TORONTO (Reuters) - BCE Inc, Canada’s biggest phone company, was slapped with a C$200 million ($164 million) lawsuit from its independent dealers in Quebec and Ontario on Tuesday, with the dealers claiming BCE engaged in “abusive, arbitrary” tactics and broke contract agreements.
Identical lawsuits, launched in Ontario and Quebec, claim that the country’s biggest telephone company breached a March 2008 contract in which it agreed to leave dealers’ fees and commissions untouched until June 2009.
The suit also claims that BCE’s operating unit, Bell Canada, continues to develop better relationships and more lucrative customer incentives with nonexclusive retailers and that its direct marketing plan offers better incentives, cutting into the dealers’ ability to compete.
The dealers are calling on the company to honor the current contract and also to allow them to offer products in their stores from competitors such as Telus Corp and Rogers Communications.
“We are disappointed. We didn’t want to go this way,” said Rick Umbrio, Ontario vice-president for the Independent Communications Dealer Association of Canada.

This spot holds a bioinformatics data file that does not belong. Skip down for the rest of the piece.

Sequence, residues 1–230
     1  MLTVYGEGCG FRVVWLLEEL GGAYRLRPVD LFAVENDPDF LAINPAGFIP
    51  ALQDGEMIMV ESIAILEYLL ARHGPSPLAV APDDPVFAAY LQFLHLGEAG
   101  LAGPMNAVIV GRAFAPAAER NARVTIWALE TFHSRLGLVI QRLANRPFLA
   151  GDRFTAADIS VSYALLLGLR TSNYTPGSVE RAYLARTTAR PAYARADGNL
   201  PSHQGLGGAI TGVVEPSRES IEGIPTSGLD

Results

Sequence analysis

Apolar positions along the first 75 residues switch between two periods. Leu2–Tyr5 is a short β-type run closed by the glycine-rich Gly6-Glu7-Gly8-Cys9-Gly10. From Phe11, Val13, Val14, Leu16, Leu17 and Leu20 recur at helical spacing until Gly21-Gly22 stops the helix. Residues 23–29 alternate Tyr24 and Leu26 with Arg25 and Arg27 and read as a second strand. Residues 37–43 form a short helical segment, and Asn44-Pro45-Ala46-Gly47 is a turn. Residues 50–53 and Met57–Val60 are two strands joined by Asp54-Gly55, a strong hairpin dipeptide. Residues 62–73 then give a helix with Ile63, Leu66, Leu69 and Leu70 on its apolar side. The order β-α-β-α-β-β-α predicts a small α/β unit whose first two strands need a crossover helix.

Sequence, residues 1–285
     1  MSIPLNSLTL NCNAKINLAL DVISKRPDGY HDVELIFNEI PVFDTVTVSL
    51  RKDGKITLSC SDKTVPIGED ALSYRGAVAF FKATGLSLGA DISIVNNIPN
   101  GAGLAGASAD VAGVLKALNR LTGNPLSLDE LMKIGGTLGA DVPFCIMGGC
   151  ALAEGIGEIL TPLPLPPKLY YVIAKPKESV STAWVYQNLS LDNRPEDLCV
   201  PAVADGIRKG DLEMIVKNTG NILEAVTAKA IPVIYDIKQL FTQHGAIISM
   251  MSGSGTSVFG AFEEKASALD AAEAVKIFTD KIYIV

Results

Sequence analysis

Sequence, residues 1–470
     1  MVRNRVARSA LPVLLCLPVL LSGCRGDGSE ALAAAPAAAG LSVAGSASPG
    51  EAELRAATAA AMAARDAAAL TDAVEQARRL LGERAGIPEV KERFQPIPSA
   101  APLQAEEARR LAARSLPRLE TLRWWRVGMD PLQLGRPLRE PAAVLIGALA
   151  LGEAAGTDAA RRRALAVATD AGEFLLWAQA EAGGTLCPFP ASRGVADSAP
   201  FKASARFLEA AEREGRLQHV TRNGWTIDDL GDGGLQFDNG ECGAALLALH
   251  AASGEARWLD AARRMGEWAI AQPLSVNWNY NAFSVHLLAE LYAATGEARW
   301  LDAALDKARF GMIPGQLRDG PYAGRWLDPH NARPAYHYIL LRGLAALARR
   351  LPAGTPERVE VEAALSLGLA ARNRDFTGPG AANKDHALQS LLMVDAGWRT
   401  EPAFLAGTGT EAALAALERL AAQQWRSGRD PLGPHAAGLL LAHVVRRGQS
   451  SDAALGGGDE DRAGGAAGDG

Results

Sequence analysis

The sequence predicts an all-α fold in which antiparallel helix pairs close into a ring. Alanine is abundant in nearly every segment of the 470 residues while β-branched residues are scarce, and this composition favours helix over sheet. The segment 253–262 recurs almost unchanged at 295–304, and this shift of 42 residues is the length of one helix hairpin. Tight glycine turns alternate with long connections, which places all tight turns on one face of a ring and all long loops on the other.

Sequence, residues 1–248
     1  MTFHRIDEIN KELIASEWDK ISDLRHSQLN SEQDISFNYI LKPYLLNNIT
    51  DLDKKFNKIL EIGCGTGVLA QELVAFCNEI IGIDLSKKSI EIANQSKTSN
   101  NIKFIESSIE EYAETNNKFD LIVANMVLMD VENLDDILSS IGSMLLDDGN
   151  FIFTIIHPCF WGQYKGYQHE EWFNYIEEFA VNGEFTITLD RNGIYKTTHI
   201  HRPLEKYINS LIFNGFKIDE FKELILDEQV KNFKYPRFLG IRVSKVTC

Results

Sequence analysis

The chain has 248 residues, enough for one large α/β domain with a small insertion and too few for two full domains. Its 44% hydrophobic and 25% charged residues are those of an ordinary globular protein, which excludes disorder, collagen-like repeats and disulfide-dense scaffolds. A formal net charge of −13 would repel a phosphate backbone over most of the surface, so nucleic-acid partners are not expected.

“We tried everything but they just ignored the outcome. They want to do it their way.”
The association represents more than 80 percent of Bell’s independent stores.
Umbrio, who owns three Toronto area stores, said Bell also has eliminated the payment of commissions for customers that replace handsets and renew contracts before December, and that commissions for new product sales have been cut by between 10 percent and 20 percent.
This Umbrio said these commissions were a significant revenue generator for the stores.
BCE representatives were not immediately available for comment.
The two sides clashed previously in court in 2006 when the retailers claimed that the company was preventing them from transferring their stores into an income trust.
Reporting by Scott Anderson; editing by Peter Galloway